Functional nerve cells from adult skin cells generated by UConn scientists
Scientists at the University of Connecticut Health Center have successfully converted stem cells derived from the adult skin cells of four humans into region-specific forebrain, midbrain, and spinal cord neurons (nerve cells) with functions. The research is a key step toward realizing the cells potential to treat various neurodegenerative diseases.
The UConn team, led by Dr. Ren-He Xu, director of the Health Centers Stem Cell Core facility, and Dr. Xuejun Li, a neural scientist in the Neuroscience Department, recently published a paper describing how they used cell reprogramming protocols to first transform the adult tissue into "induced pluripotent stem cells" that are all but identical to embryonic stem cells.
This involved treating the adult skin cells with a specialized culture that caused them to regress in their development to an embryonic-like pluripotent state, capable of differentiating into any of the many tissue types in the body. The researchers then exposed these reprogrammed human cells (hiPSC) to a series of chemical mixtures to drive them into becoming specialized neuronal cells.
As part of the same research project, Xus team also directed two previously established human embryonic stem cell (hESC) lines into neuronal cells, in order to determine whether there were meaningful differences between using human embryonic stem cells and human induced pluripotent cells.
UConn Health Center scientists who collaborated with Xu and Li on the research included Lixia Yue (a physiologist) and Alexander Lichtler (a geneticist) from the departments of Cell Biology and Regenerative Sciences respectively. Their study was published in PLoS ONE, an international, peer-reviewed online journal of the non-profit Public Library of Science (PLoS).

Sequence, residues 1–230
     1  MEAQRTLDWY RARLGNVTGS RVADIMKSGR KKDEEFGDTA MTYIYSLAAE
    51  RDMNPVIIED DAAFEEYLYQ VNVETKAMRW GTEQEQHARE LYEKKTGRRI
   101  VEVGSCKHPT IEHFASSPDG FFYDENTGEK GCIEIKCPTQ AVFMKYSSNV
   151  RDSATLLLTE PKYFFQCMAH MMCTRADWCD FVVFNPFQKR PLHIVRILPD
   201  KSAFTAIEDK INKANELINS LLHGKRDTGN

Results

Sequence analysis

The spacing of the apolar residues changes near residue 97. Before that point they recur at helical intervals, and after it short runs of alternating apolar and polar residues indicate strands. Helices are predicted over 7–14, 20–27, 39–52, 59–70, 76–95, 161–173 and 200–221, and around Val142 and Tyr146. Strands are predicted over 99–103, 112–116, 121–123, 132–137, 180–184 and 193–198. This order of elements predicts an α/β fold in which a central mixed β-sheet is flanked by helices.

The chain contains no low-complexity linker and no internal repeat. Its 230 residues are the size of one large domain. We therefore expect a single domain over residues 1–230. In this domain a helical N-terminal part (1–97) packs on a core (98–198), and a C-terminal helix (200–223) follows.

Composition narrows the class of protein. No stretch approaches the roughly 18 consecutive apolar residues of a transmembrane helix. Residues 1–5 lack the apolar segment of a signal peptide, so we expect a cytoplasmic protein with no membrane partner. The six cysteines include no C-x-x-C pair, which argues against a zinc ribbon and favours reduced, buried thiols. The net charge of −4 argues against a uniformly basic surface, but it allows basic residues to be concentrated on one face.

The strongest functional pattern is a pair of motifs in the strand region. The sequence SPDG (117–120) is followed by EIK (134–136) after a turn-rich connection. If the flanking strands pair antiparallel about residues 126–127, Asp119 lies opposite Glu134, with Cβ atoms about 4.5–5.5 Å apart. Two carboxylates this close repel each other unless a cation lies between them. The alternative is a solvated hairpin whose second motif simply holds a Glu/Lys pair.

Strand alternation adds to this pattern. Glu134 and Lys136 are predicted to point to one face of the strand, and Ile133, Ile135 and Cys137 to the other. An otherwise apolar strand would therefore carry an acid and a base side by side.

The rapid development of iPSCs since they were first produced in 2006 has generated tremendous interest among researchers. The ability to take easily obtainable skin cells and potentially make any tissues in the body eliminates the need to destroy human embryos to obtain hESC. Also, because human iPS cells have the same genetic background as the person they come from, they enable scientists to create perfectly matched cells for patient-specific therapies that would be immune to rejection.
Yet the research community remains uncertain whether iPS cells have the same quality as hESC. Some biologists suspect that the tissue of origin influences the iPS cells ability to develop into different cell lineages; others are not so sure. What they do agree on is that better understanding the mechanisms underlying such epigenetic memory and its consequences is vital to using iPS cells in a clinical setting.
In their PLoS ONE paper, the UConn researchers contend: Our results demonstrate that hiPSC, regardless of how they were derived, can differentiate into a spectrum of neurons with functionality, which supports the considerable value of hiPSC for study and treatment of patient-specific neural disorders.
Although the differentiation of embryonic stem cells into neuronal cells has been well established in other labs, Li notes that the UConn research is the first to focus on the ability of human iPSC to create functional neurons in region-specific areas of both the brain and spinal cord.
A key step for using stem cells as therapy in neurological diseases, says Xu, must be developing the ability to direct their differentiation into neural lineages and then to specific neuronal types that are affected by different diseases such as Parkinsons or Alzheimers disease.
While the UConn study showed that the efficiency of neural differentiation among the hiPSC lines was mixed, Xu notes that the process resembled that of the hESC lines in morphology, gene expression, and the chemical signals and conditions needed to regulate how the stem cells programmed to differentiate into neural cells.
Together, he said, our work has demonstrated that hiPSC, regardless of how they are derived, can generate a spectrum of region-specific neurons.